The last of Photoshop’s main text tools are the Horizontal Type Mask Tool and Vertical Type Mask Tool.
These tools don’t place text on the canvas. Instead, they create text-based shapes that you can use in your designs. Because of this it’s important that you choose the right font before you start. You can’t go back and edit it later.
Start by opening an image in Photoshop, or choosing a layer that contains some color.
Select one of the Type Mask tools and set your font. Now click on the canvas and start typing. When you hit the Commit button your text will turn into a selection.
Here are three ways to use it:
Add a texture to your text. Click the Add Layer Mask button at the bottom of the Layers panel. This makes the background transparent, leaving just the text shapes containing the texture from the original image.
Fill the text with the background color. Hit Ctrl + Backspace or Cmd + Backspace to cut out the text and replace it with your currently selected background color.
Cut out the text from the background. Hit Shift + Ctrl + I or Shift + Cmd + I to invert your selection. Now press Ctrl + J or Cmd + J. Hide the bottom layer and you’ll now have the original image with a transparent cut-out in the shape of your text.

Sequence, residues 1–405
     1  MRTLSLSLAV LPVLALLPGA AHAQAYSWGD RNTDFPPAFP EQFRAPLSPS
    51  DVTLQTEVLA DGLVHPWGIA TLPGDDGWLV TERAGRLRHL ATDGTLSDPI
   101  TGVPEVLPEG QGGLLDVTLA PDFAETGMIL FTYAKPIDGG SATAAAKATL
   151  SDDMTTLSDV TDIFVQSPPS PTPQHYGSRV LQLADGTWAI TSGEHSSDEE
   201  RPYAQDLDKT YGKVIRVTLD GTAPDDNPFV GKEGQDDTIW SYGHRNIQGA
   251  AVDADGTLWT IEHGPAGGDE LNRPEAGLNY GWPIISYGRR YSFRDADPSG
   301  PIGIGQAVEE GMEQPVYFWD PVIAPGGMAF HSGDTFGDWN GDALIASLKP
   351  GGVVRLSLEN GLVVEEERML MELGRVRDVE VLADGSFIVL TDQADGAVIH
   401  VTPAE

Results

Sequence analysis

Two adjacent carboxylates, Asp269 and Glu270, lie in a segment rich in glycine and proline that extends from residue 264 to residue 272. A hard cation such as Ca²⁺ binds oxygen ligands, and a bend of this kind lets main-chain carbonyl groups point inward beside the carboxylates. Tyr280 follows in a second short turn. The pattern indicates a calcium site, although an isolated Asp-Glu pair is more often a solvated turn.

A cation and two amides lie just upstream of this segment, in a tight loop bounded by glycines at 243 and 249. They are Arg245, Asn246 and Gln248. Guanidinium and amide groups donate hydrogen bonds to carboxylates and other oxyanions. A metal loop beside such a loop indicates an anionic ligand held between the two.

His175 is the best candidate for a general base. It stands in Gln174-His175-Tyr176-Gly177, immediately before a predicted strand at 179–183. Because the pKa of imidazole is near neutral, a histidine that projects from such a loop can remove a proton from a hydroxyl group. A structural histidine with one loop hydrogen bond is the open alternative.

Styling Text in Photoshop
Now that you know the main ways to get text onto your page, how do you go about styling it up? We’ve already looked at the basic settings in the Options Bar. There are a few more to know about, too.
- Text Direction: Toggle between horizontal and vertical text
- Anti-aliasing: Set how crisp or smooth you want you text to look
- Warp text: Distort the text with 15 preset styles
- Open Character/Paragraph Panel: Open the panel for adjusting character settings
- 3D: Switch to Photoshop’s 3D view
As mentioned before, you need to select your text with the cursor before you can change its formatting.
The Character and Paragraph Panels
Click the Character and Paragraph Panel button in the Options Bar. The first tab contain a set of options for formatting characters. Some double up the options we’ve already seen (like choosing fonts and colors), while the rest enable you to finesse your type.
- Panel Menu: This includes No Break, which places a non-breaking space between two words to ensure they remain on the same line.